How Stress Affects Men and Women Differently
A busy life can be a hectic life.
It doesn’t matter whether you’re young, old, male or female. We all get stressed. Depending on how you cope with stress, it can all affect us in different ways.
But research is revealing something interesting. When it comes to stress, there is a difference between how it affects men and how it affects women. Especially when it comes to depression.
And you may be surprised at which gender is more likely to have stress induced depression.
The Gender More Likely to Be Depressed
Let’s start with a question. Between the two genders, who is more likely to have bouts of depression?
Despite depression becoming a global problem, women are more likely to be depressed than men.
The gender gap for depression isn’t small either. Some reports find that women become depressed at twice the rate of men.
There are a number of reasons why it affects women much more than men.
Some of those differences come from stronger hormonal effects. Such as postpartum depression, puberty, or pregnancy. But even genetic studies of twins have found that women have a stronger genetic disposition for depression.
These are just a few examples, but the message is clear. When it comes to battling depression, it’s tougher being a woman.
Despite this, though, there’s one situation in which this scenario is reversed for men.
Men More Likely to Become Depressed From Stress
A recent study published in Frontiers in Public Health followed men and women for over 25 years. They concluded that men are twice as likely to become depressed from stress.
The big reason why? Women are more likely to reach out to others during times of stress. Men, on the other hand, are less likely to seek social support.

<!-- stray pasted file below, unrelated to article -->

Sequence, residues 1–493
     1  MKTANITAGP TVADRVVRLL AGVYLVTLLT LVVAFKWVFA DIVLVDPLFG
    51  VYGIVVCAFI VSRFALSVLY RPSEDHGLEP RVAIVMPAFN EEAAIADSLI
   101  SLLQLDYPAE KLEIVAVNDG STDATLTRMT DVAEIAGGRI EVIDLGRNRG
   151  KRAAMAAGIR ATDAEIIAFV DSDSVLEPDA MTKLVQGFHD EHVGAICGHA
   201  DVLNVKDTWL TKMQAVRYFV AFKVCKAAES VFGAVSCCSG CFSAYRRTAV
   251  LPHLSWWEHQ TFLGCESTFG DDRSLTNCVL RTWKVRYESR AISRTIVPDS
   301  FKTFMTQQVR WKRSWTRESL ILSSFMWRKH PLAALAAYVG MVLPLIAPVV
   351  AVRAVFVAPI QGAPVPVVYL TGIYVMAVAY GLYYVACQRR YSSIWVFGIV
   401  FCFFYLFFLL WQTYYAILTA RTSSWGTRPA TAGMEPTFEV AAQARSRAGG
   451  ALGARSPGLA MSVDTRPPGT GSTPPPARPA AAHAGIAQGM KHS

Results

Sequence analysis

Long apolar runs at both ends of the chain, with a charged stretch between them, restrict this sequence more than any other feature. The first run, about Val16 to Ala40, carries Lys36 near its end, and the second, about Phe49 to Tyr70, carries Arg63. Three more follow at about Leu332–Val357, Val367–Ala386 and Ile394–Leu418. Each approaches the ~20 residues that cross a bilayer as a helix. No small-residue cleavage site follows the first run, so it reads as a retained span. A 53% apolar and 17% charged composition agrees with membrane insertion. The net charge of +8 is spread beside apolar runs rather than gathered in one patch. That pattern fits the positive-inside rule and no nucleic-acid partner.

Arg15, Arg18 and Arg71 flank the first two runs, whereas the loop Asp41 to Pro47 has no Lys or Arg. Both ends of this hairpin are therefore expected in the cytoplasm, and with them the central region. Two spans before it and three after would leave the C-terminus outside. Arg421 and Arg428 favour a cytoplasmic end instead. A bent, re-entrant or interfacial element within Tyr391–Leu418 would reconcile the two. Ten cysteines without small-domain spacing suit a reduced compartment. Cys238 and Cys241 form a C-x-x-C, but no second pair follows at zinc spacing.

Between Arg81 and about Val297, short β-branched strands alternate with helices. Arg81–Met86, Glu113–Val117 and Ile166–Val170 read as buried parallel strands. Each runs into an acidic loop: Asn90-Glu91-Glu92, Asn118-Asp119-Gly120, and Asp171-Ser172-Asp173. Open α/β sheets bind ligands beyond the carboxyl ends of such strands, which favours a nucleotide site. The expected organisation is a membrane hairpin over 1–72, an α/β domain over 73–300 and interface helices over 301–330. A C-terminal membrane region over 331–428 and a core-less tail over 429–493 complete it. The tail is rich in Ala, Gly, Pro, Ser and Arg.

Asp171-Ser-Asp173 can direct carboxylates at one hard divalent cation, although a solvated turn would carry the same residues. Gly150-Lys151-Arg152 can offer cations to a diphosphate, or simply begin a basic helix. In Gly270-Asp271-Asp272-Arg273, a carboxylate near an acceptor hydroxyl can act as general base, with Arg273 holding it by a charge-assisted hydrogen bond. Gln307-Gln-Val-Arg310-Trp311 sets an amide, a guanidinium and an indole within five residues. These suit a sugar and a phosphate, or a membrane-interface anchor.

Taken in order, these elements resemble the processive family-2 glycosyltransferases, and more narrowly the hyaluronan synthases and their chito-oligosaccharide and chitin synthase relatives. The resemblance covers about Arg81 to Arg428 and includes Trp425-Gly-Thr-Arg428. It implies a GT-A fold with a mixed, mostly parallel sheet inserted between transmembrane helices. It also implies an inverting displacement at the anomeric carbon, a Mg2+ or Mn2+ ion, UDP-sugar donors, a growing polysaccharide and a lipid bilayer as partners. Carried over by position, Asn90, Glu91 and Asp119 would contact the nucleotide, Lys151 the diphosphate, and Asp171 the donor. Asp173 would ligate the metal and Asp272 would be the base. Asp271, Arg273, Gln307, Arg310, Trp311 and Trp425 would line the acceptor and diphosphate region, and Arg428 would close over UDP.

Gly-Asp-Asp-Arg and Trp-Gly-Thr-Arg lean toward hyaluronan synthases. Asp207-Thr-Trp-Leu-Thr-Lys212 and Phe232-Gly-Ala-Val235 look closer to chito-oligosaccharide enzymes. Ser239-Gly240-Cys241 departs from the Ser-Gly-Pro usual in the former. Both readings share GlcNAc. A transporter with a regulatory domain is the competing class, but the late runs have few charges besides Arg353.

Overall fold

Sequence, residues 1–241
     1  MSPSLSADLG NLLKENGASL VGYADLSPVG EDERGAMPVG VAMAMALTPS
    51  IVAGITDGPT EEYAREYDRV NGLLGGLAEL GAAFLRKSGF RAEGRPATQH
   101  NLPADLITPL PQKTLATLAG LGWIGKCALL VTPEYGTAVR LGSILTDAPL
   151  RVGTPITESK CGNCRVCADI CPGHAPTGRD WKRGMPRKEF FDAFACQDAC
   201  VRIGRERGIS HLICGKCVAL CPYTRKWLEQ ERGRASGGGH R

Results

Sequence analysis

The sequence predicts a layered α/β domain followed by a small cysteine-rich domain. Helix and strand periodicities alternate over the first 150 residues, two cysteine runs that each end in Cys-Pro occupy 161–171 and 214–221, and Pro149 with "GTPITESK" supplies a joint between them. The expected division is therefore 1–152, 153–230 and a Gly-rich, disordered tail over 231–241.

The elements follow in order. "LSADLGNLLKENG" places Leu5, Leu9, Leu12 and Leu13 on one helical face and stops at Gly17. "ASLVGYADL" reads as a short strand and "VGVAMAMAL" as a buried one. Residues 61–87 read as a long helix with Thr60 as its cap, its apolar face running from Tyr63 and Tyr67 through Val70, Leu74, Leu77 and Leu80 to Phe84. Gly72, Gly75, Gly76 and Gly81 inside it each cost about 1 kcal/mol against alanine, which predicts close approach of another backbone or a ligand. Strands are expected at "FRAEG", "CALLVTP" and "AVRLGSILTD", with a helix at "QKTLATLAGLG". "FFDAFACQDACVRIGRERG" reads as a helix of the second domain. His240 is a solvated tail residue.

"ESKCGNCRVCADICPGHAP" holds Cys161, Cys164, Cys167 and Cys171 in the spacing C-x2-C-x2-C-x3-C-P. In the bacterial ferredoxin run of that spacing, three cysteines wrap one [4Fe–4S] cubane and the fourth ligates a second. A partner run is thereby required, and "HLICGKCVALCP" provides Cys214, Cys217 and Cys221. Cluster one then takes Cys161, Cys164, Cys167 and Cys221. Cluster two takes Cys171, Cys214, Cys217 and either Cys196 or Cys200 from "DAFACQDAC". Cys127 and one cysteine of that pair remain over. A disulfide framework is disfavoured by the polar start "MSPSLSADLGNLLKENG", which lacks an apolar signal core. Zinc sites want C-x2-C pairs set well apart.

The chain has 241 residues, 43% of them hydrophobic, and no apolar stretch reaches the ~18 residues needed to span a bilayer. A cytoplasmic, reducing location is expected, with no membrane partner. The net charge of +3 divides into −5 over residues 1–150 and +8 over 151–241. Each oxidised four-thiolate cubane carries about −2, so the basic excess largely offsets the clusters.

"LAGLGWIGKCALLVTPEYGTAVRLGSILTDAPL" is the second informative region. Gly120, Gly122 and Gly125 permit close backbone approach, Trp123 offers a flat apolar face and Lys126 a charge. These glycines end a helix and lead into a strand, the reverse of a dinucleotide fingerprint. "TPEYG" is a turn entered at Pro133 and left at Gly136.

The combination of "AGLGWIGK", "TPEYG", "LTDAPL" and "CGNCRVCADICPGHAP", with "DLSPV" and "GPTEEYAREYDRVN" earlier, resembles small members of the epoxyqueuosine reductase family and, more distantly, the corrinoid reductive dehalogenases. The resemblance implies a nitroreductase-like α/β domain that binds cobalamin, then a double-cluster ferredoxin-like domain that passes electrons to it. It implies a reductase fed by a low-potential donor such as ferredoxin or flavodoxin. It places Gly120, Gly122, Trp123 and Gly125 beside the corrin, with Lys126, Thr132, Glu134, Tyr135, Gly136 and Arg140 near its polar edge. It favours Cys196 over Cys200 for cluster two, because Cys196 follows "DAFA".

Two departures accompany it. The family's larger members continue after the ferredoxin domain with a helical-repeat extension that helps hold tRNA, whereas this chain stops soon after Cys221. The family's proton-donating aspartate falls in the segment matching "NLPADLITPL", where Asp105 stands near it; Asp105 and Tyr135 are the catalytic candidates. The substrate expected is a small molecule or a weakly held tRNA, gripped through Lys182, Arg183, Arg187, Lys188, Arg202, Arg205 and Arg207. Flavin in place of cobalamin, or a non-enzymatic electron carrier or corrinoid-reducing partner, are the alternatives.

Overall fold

The lead author on the paper, Dr. Shervin Assari, states:
“In our society, as men, we learn to see this as a weakness, as suggested by gender role identity theorists.
Hegemonic masculinity is a barrier to seek care and talk about emotions. This at least in part explains why men less frequently seek help, either professional or inside of their social networks.”
Dr. Assari says that men should take stress more seriously. Especially when over long periods of time. In fact, they need to learn from women in this respect. She states:
“Men should improve the way they cope and the way they mobilize their resources when they face stressful events.
They should learn from women on how to talk about emotions and use resources.”
The Role of Empathy
A related study may help explain why men are less likely to reach out to others during times of stress. It could be that reaching out is simply harder to do. Especially when stress is caused by social situations.
Researchers found that when men and women were given a stressful task, different coping mechanisms appeared. And those mechanisms affected each gender’s ability to empathize.
A man’s ability to empathize was hindered under stress. Instead, men exhibited more signs of the fight-or-flight response. They became more self-centered and were less able to read other people’s intentions or emotions.
For women, it was the complete opposite. Over 3 different tasks, stress increased their ability to empathize with others. This came as a surprise to the researchers, who thought stress would have the same effect for both men and women.
Experts, however, aren’t quite clear on why this happens. It may be from a psychological difference between genders, or the fact that oxytocin – a social bonding chemical – is higher in women than men during times of stress.
Dr. Giorgia Silani from the study explains:
“At a psychosocial level, women may have internalized the experience that they receive more external support when they are able to interact better with others.
This means that the more they need help — and are thus stressed — the more they apply social strategies.
At a physiological level, the gender difference might be accounted for by the oxytocin system.”
While there are both genetic and cultural reasons behind how we deal with stress, the studies can still teach us a lesson. Maybe more so for men.
While gender roles would have men believe that showing their emotions is a sign of weakness, in practice this has some negative consequences.
It doesn’t mean you have be the guy weeping in an office cubicle. But that doesn’t mean you can’t reach out to your friends, family, or significant other and discuss your emotions.
In doing so, you may find yourself not only more resilient to stress, but also closer to your loved ones. Hiding your emotions will probably do more harm than good.